Lifestyle

Praying in the face of death

Greetings to you in Sri Lanka!

Forgive me because my rant is sans its twists of humour.
I have had a weekend of pensiveness, having watched the news on television.

The world continues to reel in the aftermath of the devastating mass shootings in New Zealand – another outside a mosque in London, and yet another in a tram in the Netherlands – and finds itself grappling with the implications of the catastrophic acts of violence.

I am, as I write, on a short sojourn in the Hashemite Kingdom of Jordan, very much a part of the Middle East, far from the locations of any of the killings, but I must state that life stopped with Friday’s news of the massacre, and the Government of Jordan announced the martyrdom of its own nationals, and of the injuries sustained by nine others.

Jordanian social media, WhatsApp, and living room conversations were dominated by concerns, well wishes, and stories of locals in the attack, with many expressing fear for friends and relatives living in New Zealand.

Most of the victims were reported to be originally from the Middle East or South Asia.

The fallen had hopes of a new life and a better existence with the freedom to practice their religion and the belief of safety within the community. Thus, they migrated from Jordan for a better life. Like so many of their fellow brethren of the faith, they knelt in worship within their mosque in reverence to God.

What was more sickening than the live streaming of the shooting on social media by the killer himself?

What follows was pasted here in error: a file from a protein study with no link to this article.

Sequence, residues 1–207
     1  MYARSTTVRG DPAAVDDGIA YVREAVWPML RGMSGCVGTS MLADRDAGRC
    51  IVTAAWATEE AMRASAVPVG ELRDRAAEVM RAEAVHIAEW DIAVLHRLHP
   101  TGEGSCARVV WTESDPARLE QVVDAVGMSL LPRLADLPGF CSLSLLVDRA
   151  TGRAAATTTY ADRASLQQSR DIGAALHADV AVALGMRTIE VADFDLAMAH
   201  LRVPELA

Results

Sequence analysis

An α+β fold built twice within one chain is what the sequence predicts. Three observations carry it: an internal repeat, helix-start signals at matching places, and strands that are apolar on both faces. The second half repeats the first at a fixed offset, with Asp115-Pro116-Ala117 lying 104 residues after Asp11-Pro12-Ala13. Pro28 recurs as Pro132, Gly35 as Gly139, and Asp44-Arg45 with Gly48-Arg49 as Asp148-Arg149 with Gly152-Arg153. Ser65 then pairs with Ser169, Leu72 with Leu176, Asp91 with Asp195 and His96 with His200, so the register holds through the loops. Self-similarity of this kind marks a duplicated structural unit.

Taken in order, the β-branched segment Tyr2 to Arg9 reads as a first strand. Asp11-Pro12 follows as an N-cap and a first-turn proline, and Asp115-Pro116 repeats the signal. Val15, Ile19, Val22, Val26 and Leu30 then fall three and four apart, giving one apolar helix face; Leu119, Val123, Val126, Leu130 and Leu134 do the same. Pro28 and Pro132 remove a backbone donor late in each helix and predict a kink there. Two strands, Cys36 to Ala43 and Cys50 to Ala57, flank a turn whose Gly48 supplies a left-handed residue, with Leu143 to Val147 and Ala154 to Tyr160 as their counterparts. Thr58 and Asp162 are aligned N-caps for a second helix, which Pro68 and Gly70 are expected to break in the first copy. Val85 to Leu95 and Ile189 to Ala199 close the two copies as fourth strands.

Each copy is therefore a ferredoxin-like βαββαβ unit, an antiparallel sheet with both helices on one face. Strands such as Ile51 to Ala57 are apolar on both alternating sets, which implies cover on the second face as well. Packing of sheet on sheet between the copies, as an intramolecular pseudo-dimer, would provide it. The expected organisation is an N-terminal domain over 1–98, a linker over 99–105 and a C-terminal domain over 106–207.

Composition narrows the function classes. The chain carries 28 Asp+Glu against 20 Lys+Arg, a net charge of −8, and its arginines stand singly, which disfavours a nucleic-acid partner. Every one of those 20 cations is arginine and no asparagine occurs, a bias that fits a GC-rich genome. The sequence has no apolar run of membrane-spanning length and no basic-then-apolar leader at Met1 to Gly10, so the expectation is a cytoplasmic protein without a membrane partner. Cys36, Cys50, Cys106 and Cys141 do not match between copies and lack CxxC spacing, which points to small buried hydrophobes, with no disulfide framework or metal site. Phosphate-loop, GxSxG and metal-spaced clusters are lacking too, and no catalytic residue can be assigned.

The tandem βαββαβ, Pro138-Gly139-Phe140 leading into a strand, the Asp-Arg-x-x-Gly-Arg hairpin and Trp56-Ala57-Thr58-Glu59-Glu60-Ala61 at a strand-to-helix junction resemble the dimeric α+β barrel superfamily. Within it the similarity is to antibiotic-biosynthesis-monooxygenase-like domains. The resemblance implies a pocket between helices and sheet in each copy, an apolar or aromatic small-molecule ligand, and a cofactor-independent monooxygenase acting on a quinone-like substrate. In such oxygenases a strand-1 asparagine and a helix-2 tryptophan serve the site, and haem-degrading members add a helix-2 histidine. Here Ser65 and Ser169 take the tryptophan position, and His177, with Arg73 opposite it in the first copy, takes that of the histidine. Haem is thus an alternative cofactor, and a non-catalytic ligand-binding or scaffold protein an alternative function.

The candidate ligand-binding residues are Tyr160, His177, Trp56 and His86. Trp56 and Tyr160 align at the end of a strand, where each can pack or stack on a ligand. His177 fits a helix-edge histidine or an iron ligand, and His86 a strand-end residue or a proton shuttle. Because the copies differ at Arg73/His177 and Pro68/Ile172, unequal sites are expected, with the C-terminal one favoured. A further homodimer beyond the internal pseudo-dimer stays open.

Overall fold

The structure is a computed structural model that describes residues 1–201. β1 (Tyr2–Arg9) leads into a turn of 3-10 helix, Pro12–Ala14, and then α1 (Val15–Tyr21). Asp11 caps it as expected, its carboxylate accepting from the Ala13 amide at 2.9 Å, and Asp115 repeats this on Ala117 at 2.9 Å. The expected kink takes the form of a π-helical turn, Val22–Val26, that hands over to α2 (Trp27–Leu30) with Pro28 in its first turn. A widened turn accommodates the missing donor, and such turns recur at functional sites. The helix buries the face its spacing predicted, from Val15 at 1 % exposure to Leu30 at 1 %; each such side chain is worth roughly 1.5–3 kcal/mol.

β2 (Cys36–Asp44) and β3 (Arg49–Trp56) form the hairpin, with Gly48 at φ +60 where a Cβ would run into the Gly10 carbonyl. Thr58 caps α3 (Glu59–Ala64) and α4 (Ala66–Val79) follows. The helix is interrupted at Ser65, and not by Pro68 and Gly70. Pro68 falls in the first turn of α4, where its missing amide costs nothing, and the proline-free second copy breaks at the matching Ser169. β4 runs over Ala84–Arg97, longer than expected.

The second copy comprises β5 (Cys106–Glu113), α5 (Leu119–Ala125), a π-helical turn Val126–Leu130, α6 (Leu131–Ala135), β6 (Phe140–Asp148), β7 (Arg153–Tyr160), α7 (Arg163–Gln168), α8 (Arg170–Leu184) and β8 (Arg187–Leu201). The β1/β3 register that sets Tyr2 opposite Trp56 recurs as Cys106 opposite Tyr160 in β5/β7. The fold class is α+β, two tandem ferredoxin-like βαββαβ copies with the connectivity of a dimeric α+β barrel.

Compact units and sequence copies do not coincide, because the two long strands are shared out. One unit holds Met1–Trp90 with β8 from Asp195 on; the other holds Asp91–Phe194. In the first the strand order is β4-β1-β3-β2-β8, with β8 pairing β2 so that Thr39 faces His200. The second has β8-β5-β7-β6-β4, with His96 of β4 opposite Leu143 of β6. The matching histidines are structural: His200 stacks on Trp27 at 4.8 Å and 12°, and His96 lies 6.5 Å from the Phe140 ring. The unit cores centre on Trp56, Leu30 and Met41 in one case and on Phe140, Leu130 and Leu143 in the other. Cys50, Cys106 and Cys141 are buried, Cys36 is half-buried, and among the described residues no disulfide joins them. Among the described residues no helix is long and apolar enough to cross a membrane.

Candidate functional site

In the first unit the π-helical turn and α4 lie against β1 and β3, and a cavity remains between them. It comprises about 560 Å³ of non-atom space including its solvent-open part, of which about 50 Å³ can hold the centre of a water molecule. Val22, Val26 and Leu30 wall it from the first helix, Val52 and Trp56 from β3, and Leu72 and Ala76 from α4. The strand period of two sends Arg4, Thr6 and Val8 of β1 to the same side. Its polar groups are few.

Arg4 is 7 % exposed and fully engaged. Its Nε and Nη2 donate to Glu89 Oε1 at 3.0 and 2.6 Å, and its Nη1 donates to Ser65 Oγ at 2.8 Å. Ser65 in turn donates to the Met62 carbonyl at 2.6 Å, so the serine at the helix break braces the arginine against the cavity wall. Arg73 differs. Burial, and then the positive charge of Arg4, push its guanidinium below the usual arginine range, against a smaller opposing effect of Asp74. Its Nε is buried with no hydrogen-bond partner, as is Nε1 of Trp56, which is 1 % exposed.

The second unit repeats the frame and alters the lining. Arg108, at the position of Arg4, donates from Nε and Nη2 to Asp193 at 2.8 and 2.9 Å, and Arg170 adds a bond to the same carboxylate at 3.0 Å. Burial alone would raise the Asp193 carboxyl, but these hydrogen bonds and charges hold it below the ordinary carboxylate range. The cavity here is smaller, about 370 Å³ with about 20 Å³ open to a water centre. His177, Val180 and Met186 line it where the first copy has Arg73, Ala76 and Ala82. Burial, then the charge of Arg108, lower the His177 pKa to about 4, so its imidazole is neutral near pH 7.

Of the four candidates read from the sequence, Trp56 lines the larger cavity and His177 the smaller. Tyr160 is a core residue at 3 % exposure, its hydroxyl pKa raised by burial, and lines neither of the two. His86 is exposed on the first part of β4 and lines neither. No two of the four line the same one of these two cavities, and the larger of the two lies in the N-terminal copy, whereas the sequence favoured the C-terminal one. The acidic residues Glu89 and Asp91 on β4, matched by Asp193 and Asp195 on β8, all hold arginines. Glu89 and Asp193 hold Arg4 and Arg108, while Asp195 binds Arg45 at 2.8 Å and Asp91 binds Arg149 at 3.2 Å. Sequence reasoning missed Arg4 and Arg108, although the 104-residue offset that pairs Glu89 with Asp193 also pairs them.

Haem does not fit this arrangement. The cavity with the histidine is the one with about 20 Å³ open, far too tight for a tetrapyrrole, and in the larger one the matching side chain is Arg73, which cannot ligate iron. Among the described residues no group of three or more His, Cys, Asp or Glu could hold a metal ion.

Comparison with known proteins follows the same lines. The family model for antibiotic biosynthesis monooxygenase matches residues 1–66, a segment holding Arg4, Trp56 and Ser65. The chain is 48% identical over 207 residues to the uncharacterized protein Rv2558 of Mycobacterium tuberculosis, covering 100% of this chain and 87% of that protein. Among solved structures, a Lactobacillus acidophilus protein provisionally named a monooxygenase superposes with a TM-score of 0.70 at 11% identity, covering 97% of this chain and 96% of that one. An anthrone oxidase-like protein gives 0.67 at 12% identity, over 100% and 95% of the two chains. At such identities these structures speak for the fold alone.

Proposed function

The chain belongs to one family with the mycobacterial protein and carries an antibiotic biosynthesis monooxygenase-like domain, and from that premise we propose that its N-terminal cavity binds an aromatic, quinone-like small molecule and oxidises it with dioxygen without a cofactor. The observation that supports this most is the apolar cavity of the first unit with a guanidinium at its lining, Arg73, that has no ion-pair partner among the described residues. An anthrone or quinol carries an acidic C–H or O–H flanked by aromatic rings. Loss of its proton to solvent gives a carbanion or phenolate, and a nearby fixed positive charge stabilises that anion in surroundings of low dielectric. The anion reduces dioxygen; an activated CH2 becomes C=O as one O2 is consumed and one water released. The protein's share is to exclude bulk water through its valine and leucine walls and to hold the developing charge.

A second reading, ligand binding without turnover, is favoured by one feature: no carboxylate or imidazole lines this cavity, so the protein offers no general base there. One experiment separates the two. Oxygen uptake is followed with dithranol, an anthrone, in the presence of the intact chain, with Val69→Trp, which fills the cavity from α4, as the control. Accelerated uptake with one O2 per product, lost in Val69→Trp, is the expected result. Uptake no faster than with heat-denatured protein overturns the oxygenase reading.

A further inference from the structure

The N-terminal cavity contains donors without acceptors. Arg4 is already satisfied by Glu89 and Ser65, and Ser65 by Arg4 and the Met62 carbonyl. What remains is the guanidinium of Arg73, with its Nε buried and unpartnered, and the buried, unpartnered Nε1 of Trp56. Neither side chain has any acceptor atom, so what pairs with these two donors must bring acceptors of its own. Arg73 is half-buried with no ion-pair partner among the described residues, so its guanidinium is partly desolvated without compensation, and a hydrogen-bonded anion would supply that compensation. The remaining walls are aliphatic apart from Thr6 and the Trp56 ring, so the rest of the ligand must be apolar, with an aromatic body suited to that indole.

Would they have known that their God would call them home that day while they prayed? Would they have imagined it at all?

You may debate with me that no one knows when they will breathe their last, which is so true, but then, what struck me was, would these deaths be considered better than in some other circumstance?

You would agree that it is a heinous massacre against Muslims praying in peace, and no matter what religion, it unites us against extremism, hatred, and terrorism, which knows no religion.

Sri Lanka herself has not fully recovered from its wounds of terrorism and we know the suffering it has caused us all. We know the aftereffects of the two major conflicts – the insurrection in 1971 and from 1987 to 1989 and the civil war from 1983 to 2009 – under the blanket of ethno-nationalist terrorism, left wing terrorism, and state terrorism. We also know what revenge is. One reads of rival gangs attacking even families, just because they are who they are.

Something to think about?

I know of the bad attributes being passed down the generations, taught to little children, and nurtured through life. I have seen hatred being cultivated and harvested with lives lost, I have heard of the most hateful tales of vicious revenge amongst our own people. It cannot be denied or overlooked.

Terrorism is, and will be, alive if all humans don’t recognise its evil head and help curb it in society, the world over.

Can we, as Sri Lankans, work towards absolute peace within our land, starting from our own circles of homes, community schools, work establishments, villages, and towns, and reaching out to every nook?

Start with peace within one’s self, and love for one’s fellow being.
Till next week then, and I promise to be in a better mood.